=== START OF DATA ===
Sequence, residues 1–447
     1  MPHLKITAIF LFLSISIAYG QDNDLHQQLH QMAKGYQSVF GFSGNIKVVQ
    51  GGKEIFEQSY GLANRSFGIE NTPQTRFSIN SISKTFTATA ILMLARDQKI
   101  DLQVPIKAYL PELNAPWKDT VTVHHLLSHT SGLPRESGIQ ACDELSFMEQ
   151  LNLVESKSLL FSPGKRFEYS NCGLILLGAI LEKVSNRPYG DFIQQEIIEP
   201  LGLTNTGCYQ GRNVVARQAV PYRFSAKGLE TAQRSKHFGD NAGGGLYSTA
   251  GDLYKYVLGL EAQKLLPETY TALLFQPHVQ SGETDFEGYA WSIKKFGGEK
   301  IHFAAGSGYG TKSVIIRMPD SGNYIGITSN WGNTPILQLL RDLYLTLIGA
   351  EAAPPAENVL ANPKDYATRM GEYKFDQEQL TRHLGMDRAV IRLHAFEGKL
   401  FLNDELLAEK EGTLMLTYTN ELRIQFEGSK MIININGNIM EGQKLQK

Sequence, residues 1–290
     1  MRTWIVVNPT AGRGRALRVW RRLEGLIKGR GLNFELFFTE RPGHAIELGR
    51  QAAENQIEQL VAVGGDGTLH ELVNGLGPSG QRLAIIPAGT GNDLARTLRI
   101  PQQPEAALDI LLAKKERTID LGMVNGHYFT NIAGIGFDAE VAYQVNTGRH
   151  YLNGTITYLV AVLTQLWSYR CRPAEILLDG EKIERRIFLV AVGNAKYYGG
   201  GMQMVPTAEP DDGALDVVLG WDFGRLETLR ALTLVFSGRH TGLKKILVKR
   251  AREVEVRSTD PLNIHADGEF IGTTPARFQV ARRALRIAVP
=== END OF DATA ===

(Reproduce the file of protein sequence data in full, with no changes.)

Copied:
Sequence, residues 1–447
     1  MPHLKITAIF LFLSISIAYG QDNDLHQQLH QMAKGYQSVF GFSGNIKVVQ
    51  GGKEIFEQSY GLANRSFGIE NTPQTRFSIN SISKTFTATA ILMLARDQKI
   101  DLQVPIKAYL PELNAPWKDT VTVHHLLSHT SGLPRESGIQ ACDELSFMEQ
   151  LNLVESKSLL FSPGKRFEYS NCGLILLGAI LEKVSNRPYG DFIQQEIIEP
   201  LGLTNTGCYQ GRNVVARQAV PYRFSAKGLE TAQRSKHFGD NAGGGLYSTA
   251  GDLYKYVLGL EAQKLLPETY TALLFQPHVQ SGETDFEGYA WSIKKFGGEK
   301  IHFAAGSGYG TKSVIIRMPD SGNYIGITSN WGNTPILQLL RDLYLTLIGA
   351  EAAPPAENVL ANPKDYATRM GEYKFDQEQL TRHLGMDRAV IRLHAFEGKL
   401  FLNDELLAEK EGTLMLTYTN ELRIQFEGSK MIININGNIM EGQKLQK

Sequence, residues 1–290
     1  MRTWIVVNPT AGRGRALRVW RRLEGLIKGR GLNFELFFTE RPGHAIELGR
    51  QAAENQIEQL VAVGGDGTLH ELVNGLGPSG QRLAIIPAGT GNDLARTLRI
   101  PQQPEAALDI LLAKKERTID LGMVNGHYFT NIAGIGFDAE VAYQVNTGRH
   151  YLNGTITYLV AVLTQLWSYR CRPAEILLDG EKIERRIFLV AVGNAKYYGG
   201  GMQMVPTAEP DDGALDVVLG WDFGRLETLR ALTLVFSGRH TGLKKILVKR
   251  AREVEVRSTD PLNIHADGEF IGTTPARFQV ARRALRIAVP